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Defining terrorism

Do forms of psychological terrorism such as, feudalism, imperialism, and ideological repression not fall into the same violence category? They also induce psychological terror. Shouldn’t they also be categorized as violence?

By Archana Thapa

Gaurav KC

While the shocking news of Mumbai bomb blast was still fresh on peoples’ mind, the immediate news of Oslo blast and human causality followed through media channels. “Two blasts in two continents within a month! What can provoke anyone to such an extent!” wondered my daughter reading the coverage of the same in MSN headlines. Appalling extremity of human hate and anger that harmed innocent lives heightened her sense of anxiety. My automated response, “It is an act of terrorism,” could not calm her. More confused than ever, she shot back, “Why would anyone do such a thing? And what is terrorism?”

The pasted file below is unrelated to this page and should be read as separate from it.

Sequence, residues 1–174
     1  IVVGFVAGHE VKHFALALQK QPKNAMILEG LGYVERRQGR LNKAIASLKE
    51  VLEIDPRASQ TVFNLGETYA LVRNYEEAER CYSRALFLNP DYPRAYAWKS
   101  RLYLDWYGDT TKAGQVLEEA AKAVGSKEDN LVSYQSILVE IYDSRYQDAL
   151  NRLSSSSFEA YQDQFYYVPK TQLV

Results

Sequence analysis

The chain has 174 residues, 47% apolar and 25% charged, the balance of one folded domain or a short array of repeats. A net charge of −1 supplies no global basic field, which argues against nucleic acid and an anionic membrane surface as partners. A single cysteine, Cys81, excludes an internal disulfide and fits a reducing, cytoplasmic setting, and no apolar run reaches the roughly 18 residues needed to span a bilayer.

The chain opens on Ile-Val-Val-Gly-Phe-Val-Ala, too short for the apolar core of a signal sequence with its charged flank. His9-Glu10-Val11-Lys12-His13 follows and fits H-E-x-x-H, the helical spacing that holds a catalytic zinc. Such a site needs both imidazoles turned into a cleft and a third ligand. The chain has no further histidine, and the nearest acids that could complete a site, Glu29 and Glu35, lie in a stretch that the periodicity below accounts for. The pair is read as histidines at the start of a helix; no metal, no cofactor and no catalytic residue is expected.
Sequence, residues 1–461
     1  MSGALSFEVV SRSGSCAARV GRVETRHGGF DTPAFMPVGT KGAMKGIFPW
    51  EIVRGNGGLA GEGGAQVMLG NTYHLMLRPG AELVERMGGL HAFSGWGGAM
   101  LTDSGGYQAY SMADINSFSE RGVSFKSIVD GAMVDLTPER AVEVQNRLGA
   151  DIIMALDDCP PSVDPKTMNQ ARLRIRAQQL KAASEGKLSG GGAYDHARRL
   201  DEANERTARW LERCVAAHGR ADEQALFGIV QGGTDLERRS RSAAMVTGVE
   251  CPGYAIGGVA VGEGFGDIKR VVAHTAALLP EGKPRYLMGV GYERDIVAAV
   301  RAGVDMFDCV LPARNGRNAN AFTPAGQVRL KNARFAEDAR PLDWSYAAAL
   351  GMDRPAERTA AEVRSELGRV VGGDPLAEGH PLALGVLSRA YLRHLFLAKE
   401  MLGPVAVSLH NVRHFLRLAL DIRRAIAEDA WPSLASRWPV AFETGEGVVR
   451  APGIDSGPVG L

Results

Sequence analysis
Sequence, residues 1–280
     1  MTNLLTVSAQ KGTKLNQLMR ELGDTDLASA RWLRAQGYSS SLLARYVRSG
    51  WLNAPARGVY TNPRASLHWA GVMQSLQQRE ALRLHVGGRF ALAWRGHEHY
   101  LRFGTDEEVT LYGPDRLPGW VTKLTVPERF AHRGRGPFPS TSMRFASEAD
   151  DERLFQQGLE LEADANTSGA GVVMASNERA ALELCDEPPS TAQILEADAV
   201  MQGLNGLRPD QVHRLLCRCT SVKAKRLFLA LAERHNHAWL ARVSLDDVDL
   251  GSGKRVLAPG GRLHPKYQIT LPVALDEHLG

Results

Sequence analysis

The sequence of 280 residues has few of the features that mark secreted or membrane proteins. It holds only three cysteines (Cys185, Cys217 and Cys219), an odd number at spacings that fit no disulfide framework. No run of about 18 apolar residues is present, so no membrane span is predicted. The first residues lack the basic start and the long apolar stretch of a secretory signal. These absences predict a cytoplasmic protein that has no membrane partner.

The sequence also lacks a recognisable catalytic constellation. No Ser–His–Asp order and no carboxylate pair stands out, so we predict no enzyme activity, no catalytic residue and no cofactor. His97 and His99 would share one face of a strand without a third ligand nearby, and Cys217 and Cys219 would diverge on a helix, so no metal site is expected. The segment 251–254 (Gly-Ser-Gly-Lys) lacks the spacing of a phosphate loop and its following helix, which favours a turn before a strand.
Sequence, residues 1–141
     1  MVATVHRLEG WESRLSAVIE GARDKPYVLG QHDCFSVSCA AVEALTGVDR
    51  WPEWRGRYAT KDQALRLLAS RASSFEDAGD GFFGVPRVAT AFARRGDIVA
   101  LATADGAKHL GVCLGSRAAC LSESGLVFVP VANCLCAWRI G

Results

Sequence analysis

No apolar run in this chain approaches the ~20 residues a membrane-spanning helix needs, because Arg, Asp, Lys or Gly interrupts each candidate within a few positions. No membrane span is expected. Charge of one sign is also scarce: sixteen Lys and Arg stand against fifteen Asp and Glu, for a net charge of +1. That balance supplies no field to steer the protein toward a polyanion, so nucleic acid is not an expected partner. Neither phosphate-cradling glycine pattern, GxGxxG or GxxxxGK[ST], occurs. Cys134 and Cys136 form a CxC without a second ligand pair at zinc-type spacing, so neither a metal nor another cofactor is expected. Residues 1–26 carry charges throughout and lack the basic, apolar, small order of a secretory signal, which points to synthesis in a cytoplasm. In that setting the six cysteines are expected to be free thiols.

Aware of the contradictions concerning the meaning of the word, I rummaged through the stacks of definitions to find a more fitting one: “The unlawful, threatened use of force and violence that coerce, intimidate or hurt people, often to achieve political, religious, or ideological objectives is called terrorism.” I was aware that my inadequate definition does not address historical violence perpetrated by Hitler, Stalin, Pol Pot, including various wars that also fall into the same category described as “terrorism.” For the moment, however, my explanation convinced my daughter and the whole issue was laid to rest.